Tarek Hamdi is a civil engineer who’s helped build freeways, tunnels and bridges throughout New England and Southern California. His wife (his college sweetheart) and his four daughters are all American-born U.S. citizens. So it made sense to Tarek, who was born in Egypt but has lived in the U.S. since he was a teenager, to try to become a citizen.

In 2001, he submitted his naturalization application. By law, naturalization applications are supposed to be processed in six months. Tarek’s took almost ten years because Tarek is also a practicing Muslim.

For Tarek, that means being a leader in his local religious community and regularly donating money to support humanitarian causes. For the U.S. government, it meant trying to prevent Tarek from becoming a citizen any means necessary. After stalling for years, they finally denied Tarek’s application outright.

When Tarek tried to find help to remedy his situation, the ACLU of Southern California answered his call. We took Tarek’s case because he was just one of thousands of Muslim immigrants whose naturalization applications have been unlawfully delayed and denied by the federal government on account of their religion and national origin.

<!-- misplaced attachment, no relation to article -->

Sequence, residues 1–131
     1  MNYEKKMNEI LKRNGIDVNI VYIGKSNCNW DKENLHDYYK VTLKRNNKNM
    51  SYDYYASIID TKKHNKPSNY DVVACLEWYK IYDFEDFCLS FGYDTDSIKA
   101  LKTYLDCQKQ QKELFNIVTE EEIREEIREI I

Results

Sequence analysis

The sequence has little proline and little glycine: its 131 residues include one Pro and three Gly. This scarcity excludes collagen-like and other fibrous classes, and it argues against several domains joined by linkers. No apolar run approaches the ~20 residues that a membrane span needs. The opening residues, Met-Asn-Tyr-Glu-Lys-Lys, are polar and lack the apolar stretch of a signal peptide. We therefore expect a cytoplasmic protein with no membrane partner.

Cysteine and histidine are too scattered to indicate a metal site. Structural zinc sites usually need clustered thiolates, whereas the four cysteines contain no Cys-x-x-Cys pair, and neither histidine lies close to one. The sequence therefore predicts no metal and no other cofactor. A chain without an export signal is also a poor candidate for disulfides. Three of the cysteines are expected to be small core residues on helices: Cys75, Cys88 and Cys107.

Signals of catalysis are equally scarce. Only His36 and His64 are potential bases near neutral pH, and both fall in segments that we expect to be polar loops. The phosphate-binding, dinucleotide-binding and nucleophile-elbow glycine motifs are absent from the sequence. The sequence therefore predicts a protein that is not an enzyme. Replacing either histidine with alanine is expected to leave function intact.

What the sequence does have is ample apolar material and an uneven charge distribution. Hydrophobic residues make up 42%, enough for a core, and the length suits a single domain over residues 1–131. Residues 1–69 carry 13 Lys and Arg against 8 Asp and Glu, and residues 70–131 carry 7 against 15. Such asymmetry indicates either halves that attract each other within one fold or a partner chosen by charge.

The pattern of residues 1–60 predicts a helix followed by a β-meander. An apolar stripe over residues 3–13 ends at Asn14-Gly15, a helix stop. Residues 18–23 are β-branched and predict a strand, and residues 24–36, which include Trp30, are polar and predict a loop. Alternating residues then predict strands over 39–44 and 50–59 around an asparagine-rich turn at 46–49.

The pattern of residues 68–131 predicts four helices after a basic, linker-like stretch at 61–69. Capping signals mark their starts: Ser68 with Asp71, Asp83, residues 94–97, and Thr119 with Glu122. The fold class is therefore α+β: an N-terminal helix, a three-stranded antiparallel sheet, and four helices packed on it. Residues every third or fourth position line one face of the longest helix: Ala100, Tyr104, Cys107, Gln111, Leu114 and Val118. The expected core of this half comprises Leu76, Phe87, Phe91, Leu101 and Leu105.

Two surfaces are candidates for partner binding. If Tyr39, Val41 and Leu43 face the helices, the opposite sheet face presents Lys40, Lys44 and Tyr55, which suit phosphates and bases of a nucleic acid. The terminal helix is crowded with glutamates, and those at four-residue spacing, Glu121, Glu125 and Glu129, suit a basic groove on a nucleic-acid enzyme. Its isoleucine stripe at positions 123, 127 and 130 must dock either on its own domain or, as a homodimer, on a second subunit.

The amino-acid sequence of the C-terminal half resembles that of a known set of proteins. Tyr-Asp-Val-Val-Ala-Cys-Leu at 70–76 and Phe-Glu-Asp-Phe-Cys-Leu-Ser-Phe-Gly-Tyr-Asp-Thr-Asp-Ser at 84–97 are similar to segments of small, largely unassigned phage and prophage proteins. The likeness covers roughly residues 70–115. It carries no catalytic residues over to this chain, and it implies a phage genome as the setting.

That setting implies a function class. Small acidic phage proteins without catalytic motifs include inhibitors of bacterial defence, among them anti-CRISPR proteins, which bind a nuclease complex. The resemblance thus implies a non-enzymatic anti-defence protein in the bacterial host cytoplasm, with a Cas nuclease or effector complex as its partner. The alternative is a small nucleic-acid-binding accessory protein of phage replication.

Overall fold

When we went to trial against the government, countless character references from Tarek’s community came forward to testify that Tarek is an upstanding man who is honest, hardworking, and devoted to his family and his faith. We also found out that the U.S. Citizenship and Immigration Service (USCIS) denied Tarek’s application because of a donation Tarek made to the Benevolence International Foundation (BIF). He had lawfully donated that money to BIF in 2000 to support their efforts to provide humanitarian relief around the world.

U.S. Citizenship and Immigration Services (USCIS) called BIF a terrorist organization, and tried to paint Tarek as a supporter of terrorism.

But by the trial's end, the judge believed Tarek. And she asked to personally swear him in as a citizen. On May 1, 2012, federal district court Judge Virginia Phillips welcomed Tarek as a fellow citizen. And decades after he first moved to the U.S., he was finally able to vote in his first election this past November.

As I learned about Tarek through the litigation of his case and witnessed his American patriotism and perseverance first-hand, I realized one more reason his case is important. The U.S. should not only be allowing people like Tarek to become citizens, it should be encouraging more people like him to join the fold.

Unfortunately though, illegal USCIS policies are still discriminating against Muslim immigrants across the country as they apply for naturalization and other immigration benefits, and excluding them from benefits to which they are legally entitled.